In any sport, the best players are the ones who appear to have the most time and space. They dictate the pace of the match and others around them. Pal has this same affect on people. He embodies Hungarian charm, speaking softly and radiating calm that makes being in his company a genuine pleasure. Like many European rugby presidents, he performs this function without pay, balancing his life of project management, with his rugby commitments, wife and young son. The qualities required to be successful in these capacities are rare, but Pal is the perfect appointment and I am looking forward to following Hungarian rugby over the coming years.

MTV (Hungarian National Television)

Sadly I wasn’t promoting the Travelling Wilburys on the world’s biggest music broadcaster, instead Jodie and I had been invited onto the Hungarian National Breakfast show for a brief interview with the host. It was a bizarre experience. Our strict instructions were to be at the studio for 8:30 and to bring our bikes. We left the club at 6:30am to be sure, but Budapest is a crazy place to cycle and the 25km cycle cross town still took us until 8:25am. We arrived barely in time to throw our bikes up against some props inside the studio, meet with our interpreter in person, and then await our slot. It was a very formal affair, the presenter, elegantly dressed in suit seated on white leather chair, me sadly wearing swimming shorts with part of the crotch perished.  We were mic’d up with the translator speaking into our earpiece at the same time as the presenter spoke to us in Hungarian, believe me, this is a strange experience. You don’t really hear the whole sentence because you are trying to maintain eye contact with someone who makes no sense and you are hearing 2 people talk to you simultaneously. Even worse is the expectancy of an answer once the question has finished in Hungarian, even though the translation is still continuing. Despite all of this we had no prepration for what would occur. We had been advised by a producer to be very concise about what we wanted to say about our trip, we only had air time of around 4.5 minutes. This made sense, but what was it that they wanted to know? How long will this trip last? How far will you travel? Why did you decide to do this? Etc etc. We discussed quickly what our shared responses would be. We were on. The presenter spoke to the camera and introduced us, the translation started. He said we were cycling from London to New Zealand for the Rugby World Cup, he turned back to us and commented about seeing 2 bicycles and many water bottles and then just summed up all his thoughts at once………. “and what is good about this?” We were pretty much floored from the start J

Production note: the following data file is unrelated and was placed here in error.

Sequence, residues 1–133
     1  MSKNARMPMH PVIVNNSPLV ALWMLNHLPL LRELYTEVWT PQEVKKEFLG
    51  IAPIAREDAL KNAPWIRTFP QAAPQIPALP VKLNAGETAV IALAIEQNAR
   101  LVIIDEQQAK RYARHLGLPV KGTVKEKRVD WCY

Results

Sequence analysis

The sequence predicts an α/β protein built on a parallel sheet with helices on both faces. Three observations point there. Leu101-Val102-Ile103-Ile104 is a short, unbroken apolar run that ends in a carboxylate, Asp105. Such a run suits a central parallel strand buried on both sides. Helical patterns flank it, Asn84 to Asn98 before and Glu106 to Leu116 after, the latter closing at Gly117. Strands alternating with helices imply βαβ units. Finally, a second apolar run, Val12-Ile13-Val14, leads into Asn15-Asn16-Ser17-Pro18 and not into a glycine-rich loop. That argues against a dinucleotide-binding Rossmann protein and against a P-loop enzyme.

The weekend arrived, and with it, the sun.  Out of nowhere, the clouds had dispersed and the temperature soared to 30 degrees. It was the day of the Central European EDF Cup Final. Balasz had organised us tickets and so we made our way on the 15km tram journey to the stadium to enjoy the day. There were 3 matches that day featuring teams from Czech Rep, Hungary, Romania, and our hosts from Austria, Donai. Our Austrian signatory Rudi was there playing too, it was great to catch up with a familiar face. I would like to talk more about this competition but will have to write this separately. The final was being contested by 2 Romanian sides, who had won all their matches convincingly, the eventual winners (predictably) had been last year’s champions Boia Mare. They were only playing they second string side too as most around 12 of their squad are also in the national side. There was a distinguishable gap in levels between the finals, which gave me my first insight to the standards of the various European leagues.

Sunday morning we headed off to Kecskemet to meet with Pal Turi’s team and to watch some women’s and youth rugby. It was getting hotter and we arrived in time for the last 2 matches at 2pm. After, the coach of the U19s “Vicentiu” from Romania and his father “Gica” came and introduced themselves and took us to their clubhouse to be fed. They were both experienced rugby players and coaches and so we discussed their opinions on Eastern European rugby and all the politics and influences around it. Later some of the senior players and Pal arrived to join us, drink some cold beers and enjoy a BBQ in the sun. It was a great end to our stay in Hungary, Jodie poetically described the country as “the hidden gem of Europe”, I’d say she was spot on.

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One Response

  1. I am really sorry that I was not able to be part of your Hungarian trip physically, only in spirit 🙂
    Your adjective is a real compliment for our society. I am still sure you will find a load of unhidden gems on your very long route, of what you are only in the very pre-warming up part. And you will also possess all kind of knowledge from the history and culture of the people on your way, in a load you would have never dreamt of. at all.
    Let me add one unnecessary (may confuse your fresh knowledge) comment to one of the paragraphs which says that we got Christianity in a forced feeding method. Actually around 1000 AD Hungarians had been Christians for at least 600-700 years. There are plenty of excavations where they found the necklace (pectoral) crosses on the corps from the 10th and 9th century. Actually the bargain was about reinforcing this Christianity and confirming the real power of Hungary as the only apostolical kingdom. Certainly history was more compound biz than just a letter. In spite communication was far slower, the elite know each other very well, they had intensive relations and diplomatic affairs at almost daily level.

    Anyway, I am eager to read your further reports!!

    Take care: Lajos